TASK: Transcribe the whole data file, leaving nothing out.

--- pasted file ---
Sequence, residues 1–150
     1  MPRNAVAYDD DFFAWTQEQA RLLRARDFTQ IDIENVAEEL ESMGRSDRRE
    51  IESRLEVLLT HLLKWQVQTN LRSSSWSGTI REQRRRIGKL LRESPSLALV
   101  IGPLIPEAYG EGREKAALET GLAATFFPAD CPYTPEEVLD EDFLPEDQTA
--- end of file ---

Sequence, residues 1–150
     1  MPRNAVAYDD DFFAWTQEQA RLLRARDFTQ IDIENVAEEL ESMGRSDRRE
    51  IESRLEVLLT HLLKWQVQTN LRSSSWSGTI REQRRRIGKL LRESPSLALV
   101  IGPLIPEAYG EGREKAALET GLAATFFPAD CPYTPEEVLD EDFLPEDQTA